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28 May Attending Parties Sober


Social engagements can feel a little overwhelming for a person recovering from a drug or alcohol addiction, especially during your first few years of sobriety. You can try to avoid places where other people will be drinking or using drugs for a while, but chances are that you’ll eventually have to confront them in the form of a holiday party at work, a wedding, or some other event where alcohol will be served. Don’t feel guilty about turning down invitations until you feel like you’ve built up some resistance. When you are ready to take that step and attend a party, keep these tips in mind to make you feel more comfortable:

Before You Go Out: Let your sponsor know that you’re going out, give them your location, and tell them when you will be home. This will make you accountable for your actions during the party. This will also give your sponsor the opportunity to give you a much needed pep talk about all the progress you’ve made and remind you of your goals. If you feel like the pressure is getting to be too much while you’re out, call your sponsor and have them come pick you up.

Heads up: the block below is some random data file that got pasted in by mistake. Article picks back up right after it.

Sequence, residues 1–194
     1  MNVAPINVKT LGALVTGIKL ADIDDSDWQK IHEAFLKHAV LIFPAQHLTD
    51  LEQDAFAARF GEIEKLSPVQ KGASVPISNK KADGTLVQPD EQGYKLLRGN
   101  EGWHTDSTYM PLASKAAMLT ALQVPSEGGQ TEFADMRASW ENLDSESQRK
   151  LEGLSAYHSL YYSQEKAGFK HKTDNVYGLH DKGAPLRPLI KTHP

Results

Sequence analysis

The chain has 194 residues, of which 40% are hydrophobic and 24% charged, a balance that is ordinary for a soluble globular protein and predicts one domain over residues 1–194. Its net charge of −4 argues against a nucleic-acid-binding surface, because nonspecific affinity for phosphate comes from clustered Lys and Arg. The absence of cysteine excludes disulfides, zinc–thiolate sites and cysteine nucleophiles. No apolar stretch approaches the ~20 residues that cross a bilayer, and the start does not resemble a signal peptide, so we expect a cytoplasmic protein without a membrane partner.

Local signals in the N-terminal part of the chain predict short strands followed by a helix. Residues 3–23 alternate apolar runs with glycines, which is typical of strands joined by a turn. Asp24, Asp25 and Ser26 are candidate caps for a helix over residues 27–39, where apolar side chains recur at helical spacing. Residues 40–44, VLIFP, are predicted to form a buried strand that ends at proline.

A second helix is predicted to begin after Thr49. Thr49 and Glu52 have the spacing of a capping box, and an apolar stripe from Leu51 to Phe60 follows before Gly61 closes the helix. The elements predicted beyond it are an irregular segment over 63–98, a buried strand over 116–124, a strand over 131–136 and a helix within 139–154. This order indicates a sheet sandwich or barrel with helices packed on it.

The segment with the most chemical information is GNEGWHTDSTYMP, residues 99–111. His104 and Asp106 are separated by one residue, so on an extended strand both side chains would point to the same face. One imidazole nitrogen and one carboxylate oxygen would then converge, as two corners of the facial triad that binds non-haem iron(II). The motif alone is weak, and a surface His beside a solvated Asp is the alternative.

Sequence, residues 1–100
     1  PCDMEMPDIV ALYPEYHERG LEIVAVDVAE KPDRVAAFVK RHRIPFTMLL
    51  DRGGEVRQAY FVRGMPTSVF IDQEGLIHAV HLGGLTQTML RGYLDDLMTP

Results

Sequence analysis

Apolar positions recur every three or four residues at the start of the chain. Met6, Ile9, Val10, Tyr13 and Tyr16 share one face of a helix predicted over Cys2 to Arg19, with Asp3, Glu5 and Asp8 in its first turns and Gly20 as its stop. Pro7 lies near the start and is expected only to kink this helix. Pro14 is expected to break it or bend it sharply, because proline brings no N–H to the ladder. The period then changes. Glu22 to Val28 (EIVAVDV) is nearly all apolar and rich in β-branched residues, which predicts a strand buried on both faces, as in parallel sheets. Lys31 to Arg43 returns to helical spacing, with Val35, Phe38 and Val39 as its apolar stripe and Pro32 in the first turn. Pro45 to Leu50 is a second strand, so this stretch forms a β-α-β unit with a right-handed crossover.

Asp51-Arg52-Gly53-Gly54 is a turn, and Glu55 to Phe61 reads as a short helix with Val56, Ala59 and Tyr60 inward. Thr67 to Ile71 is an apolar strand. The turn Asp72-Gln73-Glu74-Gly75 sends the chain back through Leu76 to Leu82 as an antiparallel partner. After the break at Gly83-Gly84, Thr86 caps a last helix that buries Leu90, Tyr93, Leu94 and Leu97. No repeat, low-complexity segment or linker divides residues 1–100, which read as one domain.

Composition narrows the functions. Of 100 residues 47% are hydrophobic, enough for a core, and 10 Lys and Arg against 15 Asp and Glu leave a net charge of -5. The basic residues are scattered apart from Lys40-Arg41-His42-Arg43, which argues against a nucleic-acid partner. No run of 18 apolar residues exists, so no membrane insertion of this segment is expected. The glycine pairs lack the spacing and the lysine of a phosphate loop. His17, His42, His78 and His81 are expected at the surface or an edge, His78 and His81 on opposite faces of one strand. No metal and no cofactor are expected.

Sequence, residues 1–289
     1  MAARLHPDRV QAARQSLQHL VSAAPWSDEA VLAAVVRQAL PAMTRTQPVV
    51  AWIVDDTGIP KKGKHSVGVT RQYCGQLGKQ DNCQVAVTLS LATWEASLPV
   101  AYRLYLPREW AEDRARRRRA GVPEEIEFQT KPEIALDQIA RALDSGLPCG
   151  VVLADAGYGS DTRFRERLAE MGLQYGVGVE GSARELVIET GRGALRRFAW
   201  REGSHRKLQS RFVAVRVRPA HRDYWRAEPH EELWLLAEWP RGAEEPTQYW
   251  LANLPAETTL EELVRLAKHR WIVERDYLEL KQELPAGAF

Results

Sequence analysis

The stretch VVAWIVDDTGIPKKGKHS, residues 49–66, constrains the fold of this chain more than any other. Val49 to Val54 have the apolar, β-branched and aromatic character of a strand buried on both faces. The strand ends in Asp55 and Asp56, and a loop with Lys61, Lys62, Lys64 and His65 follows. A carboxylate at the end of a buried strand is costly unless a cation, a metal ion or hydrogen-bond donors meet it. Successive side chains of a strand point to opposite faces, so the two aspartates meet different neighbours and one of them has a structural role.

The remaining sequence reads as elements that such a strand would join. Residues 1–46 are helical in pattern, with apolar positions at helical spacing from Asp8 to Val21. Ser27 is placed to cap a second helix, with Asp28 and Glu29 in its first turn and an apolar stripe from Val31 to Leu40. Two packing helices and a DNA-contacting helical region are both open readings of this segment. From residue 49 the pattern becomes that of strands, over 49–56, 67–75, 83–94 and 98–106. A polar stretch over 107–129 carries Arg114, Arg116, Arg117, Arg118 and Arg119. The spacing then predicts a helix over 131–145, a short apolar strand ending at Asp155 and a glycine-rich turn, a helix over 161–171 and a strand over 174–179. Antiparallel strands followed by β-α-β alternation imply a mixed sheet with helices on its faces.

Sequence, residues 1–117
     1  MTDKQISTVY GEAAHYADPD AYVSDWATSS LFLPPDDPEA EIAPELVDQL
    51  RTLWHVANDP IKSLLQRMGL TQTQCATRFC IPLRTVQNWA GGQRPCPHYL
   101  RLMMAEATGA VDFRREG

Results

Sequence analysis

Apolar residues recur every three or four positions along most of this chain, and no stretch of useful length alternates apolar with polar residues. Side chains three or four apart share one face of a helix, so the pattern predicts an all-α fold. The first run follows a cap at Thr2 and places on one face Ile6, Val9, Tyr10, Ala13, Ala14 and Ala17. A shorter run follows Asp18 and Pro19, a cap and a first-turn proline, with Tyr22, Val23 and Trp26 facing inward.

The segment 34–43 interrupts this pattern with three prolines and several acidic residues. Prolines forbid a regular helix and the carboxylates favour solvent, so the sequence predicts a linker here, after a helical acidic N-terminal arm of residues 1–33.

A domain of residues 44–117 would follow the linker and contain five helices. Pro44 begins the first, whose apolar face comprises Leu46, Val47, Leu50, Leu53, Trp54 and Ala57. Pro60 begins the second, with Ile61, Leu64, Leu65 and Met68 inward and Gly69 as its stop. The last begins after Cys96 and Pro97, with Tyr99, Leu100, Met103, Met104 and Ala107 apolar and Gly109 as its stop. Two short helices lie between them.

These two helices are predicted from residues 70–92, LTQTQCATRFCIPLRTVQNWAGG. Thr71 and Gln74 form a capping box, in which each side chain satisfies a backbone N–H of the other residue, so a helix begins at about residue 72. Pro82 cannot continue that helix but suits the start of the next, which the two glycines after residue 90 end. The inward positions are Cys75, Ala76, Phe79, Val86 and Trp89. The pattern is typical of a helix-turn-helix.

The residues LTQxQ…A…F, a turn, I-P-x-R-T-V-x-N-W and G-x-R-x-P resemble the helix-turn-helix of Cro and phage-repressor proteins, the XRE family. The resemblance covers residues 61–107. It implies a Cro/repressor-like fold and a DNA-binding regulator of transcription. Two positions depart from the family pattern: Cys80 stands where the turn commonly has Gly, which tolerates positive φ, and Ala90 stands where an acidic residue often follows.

Protect Yourself: Not everyone knows your situation, and it’s easy to end up with an alcoholic drink in your hand when you didn’t expect it. Sometimes it’s an honest mistake, and sometimes people will try to slip you some alcohol on purpose. Here are a few things you can do to guard against this.

Keep a drink in your hand to discourage people from offering you a drink. Sprite, Coke, or some virgin version of a fruity drink will work fine.
Don’t let anyone buy you a drink who doesn’t know that you have a problem and who you don’t trust completely.
Tell one of the bartenders that you don’t drink and order your drinks from him all night. Bartenders have seen plenty of people in your position and will help look out for you.
Never put your drink down so that no one can have the chance to put a shot or something else in it. If you forget and put your drink down, just go get another one.

Maintain Your Confidence: Don’t feel like you have to tell the other people at the party that you are in recovery if you don’t want to. It’s none of their business and you don’t owe them an explanation. As stated before, carrying a non-alcoholic drink around will keep the vast majority of people from noticing that you’re not drinking. If someone that you haven’t confided in asks you about it, lie. Say something simple like you’re on an antibiotic and can’t have alcohol or tell them you’re the designated driver for the night and you’ve already had enough. While honesty is paramount for those in recovery, you don’t have to tell your life story to a stranger.

Leave the Door Open: If you find yourself in an uncomfortable position while you’re out, or if you’re feeling pressured to have a drink, leave. Don’t waste any time or risk your sobriety, just say you aren’t feeling well and get out of there. Call your sponsor, a trusted friend or family member, or a fellow addict on your way and get yourself to a safe place. Sometimes we need to take baby steps and it’s okay if you can’t stay for the whole party.

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